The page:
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Beverages intoxicated by lead in crystal.

Beverages intoxicated by lead in crystal

Lead crystal, containing 24 to 32 percent lead oxide, is revered for its brilliance and clarity. But preliminary experiments by two New York City researchers now indicate that extremely high levels of lead, a toxic heavy metal, can migrate from crystal decanters into the beverages they hold. The team's findings suggest that "long-term storage of anything in lead crystal is really to be avoided," says Joseph H. Graziano, who led the study.

Graziano, a toxicologist at Columbia University's College of Physicians and Surgeons, recalls that when internist Conrad Blum first questioned him about lead migration from glass, he thought Blum was "crazy." But Blum's home tests, showing the apparent leaching of lead from crystal into wine, piqued his curiosity. The two Columbia researchers describe their subsequent investigation in the Jan. 19 LANCET.

Blum supplied three lead-crystal decanters from home. He and Graziano cleansed each decanter and poured in port. Two days later, they began periodic samplings of the wine. "When we analyzed the first sample, I couldn't believe it," Graziano says. Lead showed a steady increase, from an initial level of 89 micrograms of lead per liter to between 2,160 and 5,330 [microgram'/l four months later.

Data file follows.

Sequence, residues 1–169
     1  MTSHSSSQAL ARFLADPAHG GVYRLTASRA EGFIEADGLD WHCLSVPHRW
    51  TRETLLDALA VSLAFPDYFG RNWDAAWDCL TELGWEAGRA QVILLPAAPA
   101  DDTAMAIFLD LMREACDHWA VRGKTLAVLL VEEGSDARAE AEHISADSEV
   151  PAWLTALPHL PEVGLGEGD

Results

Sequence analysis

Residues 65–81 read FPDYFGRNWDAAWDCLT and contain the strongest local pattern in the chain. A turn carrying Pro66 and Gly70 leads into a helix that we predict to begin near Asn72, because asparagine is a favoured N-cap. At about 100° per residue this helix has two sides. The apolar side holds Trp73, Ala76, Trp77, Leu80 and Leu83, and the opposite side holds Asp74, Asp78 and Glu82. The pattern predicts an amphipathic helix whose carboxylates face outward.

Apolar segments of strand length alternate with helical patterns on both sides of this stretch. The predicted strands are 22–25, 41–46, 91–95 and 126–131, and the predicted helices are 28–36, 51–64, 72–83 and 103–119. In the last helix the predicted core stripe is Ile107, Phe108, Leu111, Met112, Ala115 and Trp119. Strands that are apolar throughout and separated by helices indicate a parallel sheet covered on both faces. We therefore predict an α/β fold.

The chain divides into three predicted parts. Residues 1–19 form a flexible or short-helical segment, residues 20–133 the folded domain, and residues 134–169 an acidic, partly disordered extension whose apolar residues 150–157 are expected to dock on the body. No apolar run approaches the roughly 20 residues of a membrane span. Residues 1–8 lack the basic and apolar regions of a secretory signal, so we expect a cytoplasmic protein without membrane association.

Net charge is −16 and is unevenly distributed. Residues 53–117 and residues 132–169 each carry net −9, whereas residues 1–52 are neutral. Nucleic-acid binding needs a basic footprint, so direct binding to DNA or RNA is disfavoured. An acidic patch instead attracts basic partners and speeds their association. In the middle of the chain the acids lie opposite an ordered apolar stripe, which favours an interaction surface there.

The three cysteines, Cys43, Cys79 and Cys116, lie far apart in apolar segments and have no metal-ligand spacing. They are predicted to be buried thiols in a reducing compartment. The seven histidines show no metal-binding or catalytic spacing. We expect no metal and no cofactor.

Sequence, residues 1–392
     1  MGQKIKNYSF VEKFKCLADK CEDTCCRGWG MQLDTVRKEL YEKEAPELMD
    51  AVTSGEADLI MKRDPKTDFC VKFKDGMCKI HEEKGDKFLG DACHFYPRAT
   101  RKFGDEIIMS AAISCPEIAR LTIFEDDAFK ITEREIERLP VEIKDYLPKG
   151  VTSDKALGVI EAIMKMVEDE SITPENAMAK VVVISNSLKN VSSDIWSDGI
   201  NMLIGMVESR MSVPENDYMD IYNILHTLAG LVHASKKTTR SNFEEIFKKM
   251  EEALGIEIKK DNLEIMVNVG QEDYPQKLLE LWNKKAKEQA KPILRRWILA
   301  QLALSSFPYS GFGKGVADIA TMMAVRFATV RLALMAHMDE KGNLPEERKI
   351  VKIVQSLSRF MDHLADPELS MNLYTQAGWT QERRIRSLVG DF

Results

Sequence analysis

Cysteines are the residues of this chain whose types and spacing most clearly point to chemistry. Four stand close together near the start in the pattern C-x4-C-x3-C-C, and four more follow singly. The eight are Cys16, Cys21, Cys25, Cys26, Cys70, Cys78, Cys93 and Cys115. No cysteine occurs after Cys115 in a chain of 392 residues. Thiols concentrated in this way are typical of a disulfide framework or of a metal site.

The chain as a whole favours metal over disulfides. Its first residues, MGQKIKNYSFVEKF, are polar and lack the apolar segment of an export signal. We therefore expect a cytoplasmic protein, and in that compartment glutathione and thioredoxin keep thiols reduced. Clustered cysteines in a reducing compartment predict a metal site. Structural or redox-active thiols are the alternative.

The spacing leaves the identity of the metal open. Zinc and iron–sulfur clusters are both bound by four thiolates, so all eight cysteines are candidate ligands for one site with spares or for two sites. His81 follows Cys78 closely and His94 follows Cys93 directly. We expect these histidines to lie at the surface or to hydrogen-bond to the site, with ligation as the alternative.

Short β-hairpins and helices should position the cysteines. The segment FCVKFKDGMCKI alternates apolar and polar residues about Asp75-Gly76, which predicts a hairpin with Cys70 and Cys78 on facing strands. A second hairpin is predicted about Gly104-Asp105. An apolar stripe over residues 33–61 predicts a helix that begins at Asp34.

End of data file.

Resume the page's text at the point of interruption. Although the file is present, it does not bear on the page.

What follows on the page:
White wine doubled its lead concentrations within an hour of being poured into one lead-crystal glass, and tripled within four hours, they found.

Alcoholic beverages in 14 lead-crystal decanters brought in by colleagues showed similar spikes. Two brandies stored in lead crystal for more than five years accumulated 19,900 to 21,500 [microgram]/l lead, the researchers found. (EPA's lead standard for drinking water is 50 [microgram]/l, and there have been discussions of lowering it to 20 [microgram]/l.)

Because a single glass of the contaminated brandy "contains as much lead as you would ordinarily become exposed to in a month from all other sources" -- including air, water, diet and dust -- Graziano contends that consuming such drinks would be "stupid."

And in a letter submitted Jan. 8 to the JOURNAL OF PEDIATRICS, Graziano, Blum and Columbia colleague Vesna Slavkovic report that apple juice and infant formula leach lead from crystal as effectively as alcohol does. In juice samples that sat in lead-crystal baby bottles for four hours, lead levels spiked from an initial 1 [microgram]/l to 166 [microgram]/l. Warm formula attained comparable levels in 15 minutes and reached 280 [microgram]/l in four hours. Because infants are more sensitive to lead's effects than adults, the authors suggest "that the sale of these [crystal baby bottles] be forbidden," and have sent the new data to the FDA.

According to a statement issued last week by the Lead Industries Association (LIA), the alcohol study suggests "there is negligible risk" from beverages placed in lead-crystal barware "for short periods of time, such as during a meal." LIA and another industry group, the International Lead Zinc Research Organization, plan a study of the risks posed by long-term storage of alcohol in lead-crystal decanters. FDA is already conducting a similar investigation.
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Title Annotation:lead contamination of beverages from crystal decanters
Author:Raloff, Janet
Publication:Science News
Date:Jan 26, 1991
Words:505
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